4. Make friends with the custodians. These folks know all, see all, hear all. They know where extra desks are located, where paint can be found to fix the door chips, and they have the carts and buggies to haul around your heavy stuff.  Search out the one in your building, introduce yourself, and always be nice. Your floors might end up a little shinier.


5. Stay away from the front office. Some people may disagree with me on this one, stating that the people there are willing to help you and that they’re there for you! Not that front office folk can’t be friendly, but they have their own things to do. They probably don’t have time to hear your concerns on the bathrooms, or how little Johnny won’t stop talking.  Many of them are busy fielding parent requests, completing invoices, making phone calls about absentees, dealing with a kid that brought drugs to school, etc. It’s not that your concerns aren’t important. The thing is, if you can talk them over with someone else, like a department head, that would probably be a better idea than becoming a fixture next to the Assistant Principal’s office.


6. If at all possible, get yourself a classroom refrigerator to store your food if your District allows it. Lunch at my school was once pretty good. Then, with recent government changes in nutrition requirements, I would rather eat a stale biscuit half gnawed on by vicious garden gnome.  Some schools have catering (not that I’m all that jealous…well, maybe a little…okay a lot) and I hear the teacher meals are decent. Ask other teachers and see what the consensus is. We used to celebrate Fish Stick Fridays with Facebook invites because we so looked forward to the Mac & Cheese and Broccoli salad. Those days are gone and this past year, because I’d not yet bought a refrigerator, I ate Nutella straight out of the jar for a week for lunch.  A little Nutella goes a long way. (My friends would say I just uttered blasphemy).

737926p7.  Have back ups of your back ups. Always keep your lessons and lesson plans backed up. You never know when your District will get a virus. I’ve had one twice in 6 years and had I not had a copy of everything on my home computer, I would have been hiding in the closet, crying and mumbling incoherently.  Invest in one or two memory sticks and always try at least once a month to back up any files you worked on. Better safe than sorry. memory-card68. Don’t allow other teachers to overwhelm you. They mean well, but sometimes they might try and share everything they’ve collected in 25 years with you in 1 day. Take the information, put it to the side, and look through it when you have time. Remember, you will find your own groove and way of doing things. Not one teacher is the same and therefore, not one teacher teaches exactly the same.  Take a deep breath, perhaps drink some wine like my coworkers do (one said she drank straight out of the box in the bathroom at home and cried after a hard day), and remember, every day is a new day and you can make it if you take baby steps.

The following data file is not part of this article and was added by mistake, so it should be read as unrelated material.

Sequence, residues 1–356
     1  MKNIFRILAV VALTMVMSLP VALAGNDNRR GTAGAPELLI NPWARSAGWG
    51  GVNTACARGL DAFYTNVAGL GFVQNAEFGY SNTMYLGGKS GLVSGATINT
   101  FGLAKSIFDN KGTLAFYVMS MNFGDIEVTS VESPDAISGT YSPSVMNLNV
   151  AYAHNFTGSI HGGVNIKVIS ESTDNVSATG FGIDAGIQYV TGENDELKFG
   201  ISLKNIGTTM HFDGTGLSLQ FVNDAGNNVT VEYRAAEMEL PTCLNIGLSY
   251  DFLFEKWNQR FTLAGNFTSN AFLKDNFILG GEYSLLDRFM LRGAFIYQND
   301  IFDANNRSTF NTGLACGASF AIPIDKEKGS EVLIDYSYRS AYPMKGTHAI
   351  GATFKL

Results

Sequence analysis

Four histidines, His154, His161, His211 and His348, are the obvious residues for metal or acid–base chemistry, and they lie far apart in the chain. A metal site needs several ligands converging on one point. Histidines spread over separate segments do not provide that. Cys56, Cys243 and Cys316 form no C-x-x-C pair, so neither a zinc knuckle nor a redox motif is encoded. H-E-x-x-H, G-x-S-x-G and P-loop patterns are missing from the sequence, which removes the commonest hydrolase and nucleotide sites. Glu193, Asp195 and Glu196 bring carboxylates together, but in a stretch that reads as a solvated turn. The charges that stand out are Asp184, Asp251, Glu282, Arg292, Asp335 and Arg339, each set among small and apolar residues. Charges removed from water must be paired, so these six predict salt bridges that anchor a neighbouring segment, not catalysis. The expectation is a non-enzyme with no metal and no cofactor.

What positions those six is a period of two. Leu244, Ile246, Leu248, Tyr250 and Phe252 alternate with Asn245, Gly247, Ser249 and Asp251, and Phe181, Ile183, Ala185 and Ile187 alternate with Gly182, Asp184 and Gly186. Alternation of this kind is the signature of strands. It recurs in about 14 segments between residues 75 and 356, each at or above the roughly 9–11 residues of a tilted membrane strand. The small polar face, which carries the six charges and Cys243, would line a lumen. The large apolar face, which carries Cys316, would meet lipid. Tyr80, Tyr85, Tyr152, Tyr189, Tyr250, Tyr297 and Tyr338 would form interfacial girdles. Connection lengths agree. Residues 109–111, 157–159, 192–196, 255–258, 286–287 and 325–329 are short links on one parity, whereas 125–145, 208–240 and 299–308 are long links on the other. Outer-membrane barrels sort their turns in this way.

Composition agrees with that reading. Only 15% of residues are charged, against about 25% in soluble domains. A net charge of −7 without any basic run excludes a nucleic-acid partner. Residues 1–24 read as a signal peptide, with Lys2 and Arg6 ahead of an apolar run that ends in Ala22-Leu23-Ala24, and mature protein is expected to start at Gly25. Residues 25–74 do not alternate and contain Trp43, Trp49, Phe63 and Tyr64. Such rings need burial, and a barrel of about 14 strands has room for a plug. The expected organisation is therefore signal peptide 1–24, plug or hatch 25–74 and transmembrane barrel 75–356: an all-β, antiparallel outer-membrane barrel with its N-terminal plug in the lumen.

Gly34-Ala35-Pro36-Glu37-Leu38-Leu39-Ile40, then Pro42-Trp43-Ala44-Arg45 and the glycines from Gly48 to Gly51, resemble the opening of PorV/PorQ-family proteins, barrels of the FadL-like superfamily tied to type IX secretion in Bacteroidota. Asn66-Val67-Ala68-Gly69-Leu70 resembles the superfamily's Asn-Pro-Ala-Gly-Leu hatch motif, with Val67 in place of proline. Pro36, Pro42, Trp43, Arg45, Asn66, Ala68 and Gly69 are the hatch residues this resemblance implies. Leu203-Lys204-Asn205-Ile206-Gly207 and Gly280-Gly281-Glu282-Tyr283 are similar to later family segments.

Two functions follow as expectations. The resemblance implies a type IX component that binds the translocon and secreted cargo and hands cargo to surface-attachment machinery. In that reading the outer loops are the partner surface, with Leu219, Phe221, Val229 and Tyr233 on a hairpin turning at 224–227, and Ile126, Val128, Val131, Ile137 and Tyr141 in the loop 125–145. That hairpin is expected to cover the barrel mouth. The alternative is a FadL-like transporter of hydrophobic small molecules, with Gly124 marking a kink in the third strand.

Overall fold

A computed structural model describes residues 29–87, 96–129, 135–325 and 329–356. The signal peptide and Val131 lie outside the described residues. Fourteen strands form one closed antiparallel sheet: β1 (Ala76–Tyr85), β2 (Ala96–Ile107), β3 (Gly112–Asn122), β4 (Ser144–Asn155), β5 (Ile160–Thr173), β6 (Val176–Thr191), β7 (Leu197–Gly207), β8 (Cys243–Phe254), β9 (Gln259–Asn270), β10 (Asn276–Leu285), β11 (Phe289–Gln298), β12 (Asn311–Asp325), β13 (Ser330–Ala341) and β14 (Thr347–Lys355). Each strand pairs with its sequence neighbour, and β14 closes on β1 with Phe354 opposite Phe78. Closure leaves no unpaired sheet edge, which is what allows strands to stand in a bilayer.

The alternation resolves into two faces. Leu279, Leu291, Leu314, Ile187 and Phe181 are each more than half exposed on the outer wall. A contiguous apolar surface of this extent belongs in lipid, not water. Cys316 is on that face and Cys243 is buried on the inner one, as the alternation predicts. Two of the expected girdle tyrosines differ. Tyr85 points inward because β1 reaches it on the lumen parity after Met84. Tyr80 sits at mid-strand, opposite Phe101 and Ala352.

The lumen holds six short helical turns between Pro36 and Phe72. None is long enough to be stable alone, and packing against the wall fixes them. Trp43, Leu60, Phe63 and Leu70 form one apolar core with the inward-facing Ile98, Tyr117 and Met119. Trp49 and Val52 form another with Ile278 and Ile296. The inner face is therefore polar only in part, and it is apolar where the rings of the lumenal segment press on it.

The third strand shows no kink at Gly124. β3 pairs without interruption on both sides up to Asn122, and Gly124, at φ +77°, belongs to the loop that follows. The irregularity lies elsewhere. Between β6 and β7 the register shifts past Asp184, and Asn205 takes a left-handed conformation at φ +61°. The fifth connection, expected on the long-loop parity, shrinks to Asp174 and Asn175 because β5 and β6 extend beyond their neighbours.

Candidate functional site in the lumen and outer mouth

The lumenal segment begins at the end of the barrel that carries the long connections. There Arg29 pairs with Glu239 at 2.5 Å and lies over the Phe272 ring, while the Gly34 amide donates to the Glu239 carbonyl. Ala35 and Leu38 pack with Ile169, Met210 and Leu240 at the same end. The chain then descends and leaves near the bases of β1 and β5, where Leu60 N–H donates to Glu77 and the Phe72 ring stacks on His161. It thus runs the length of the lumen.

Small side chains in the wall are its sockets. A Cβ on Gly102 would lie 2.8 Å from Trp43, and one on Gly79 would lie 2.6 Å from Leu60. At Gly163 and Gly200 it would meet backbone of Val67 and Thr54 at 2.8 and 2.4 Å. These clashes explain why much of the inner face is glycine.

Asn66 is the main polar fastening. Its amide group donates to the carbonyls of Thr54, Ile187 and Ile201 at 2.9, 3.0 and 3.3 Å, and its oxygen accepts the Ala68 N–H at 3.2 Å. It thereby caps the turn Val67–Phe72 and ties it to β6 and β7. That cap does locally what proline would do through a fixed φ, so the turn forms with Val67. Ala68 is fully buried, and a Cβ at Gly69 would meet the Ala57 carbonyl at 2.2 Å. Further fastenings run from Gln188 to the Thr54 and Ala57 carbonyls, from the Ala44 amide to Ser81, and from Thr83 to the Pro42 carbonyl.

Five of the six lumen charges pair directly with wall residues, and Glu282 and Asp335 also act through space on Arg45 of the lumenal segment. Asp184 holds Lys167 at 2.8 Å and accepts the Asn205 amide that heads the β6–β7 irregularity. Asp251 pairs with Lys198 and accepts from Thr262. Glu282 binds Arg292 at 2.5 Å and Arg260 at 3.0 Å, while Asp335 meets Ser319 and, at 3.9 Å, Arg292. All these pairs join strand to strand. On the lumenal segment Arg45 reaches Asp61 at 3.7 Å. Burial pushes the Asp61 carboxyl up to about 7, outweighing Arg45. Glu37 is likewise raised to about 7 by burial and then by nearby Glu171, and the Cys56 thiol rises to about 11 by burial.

9. Some of your students will never like you. Accept it. Do you like every single person you’ve ever met? Then why expect every single students to like you and your class? You could have done nothing wrong, have always been friendly and they still won’t like you. They may have come in with preconceptions about you based on a person they know who knows a person who knows a person who went to school with you, etc.  They may not care for your discipline, call your class dumb, or just not be interested in your subject area. This doesn’t make you a bad teacher. You have to think of all the students who DO like you, who DO like coming to your class and who ARE involved in the learning. It’s hard to accept sometimes, but occasionally, those kids who you thought never liked you will see you in town years later, and tell you how much they enjoyed your class. Weird.

Mischievous student

10. When you have a chance to go to a state or national conference, GO! You will get some great ideas, meet other people in your field, be able to discuss concerns with testing, etc. and earn credits for your license at the same time. I once went to the National Convention for Science in New Orleans, and my coworker, who loved Bill Nye, found out he was the guest speaker and kept chasing him around yelling ‘Bill Nye! Bill Nye!’. Good times.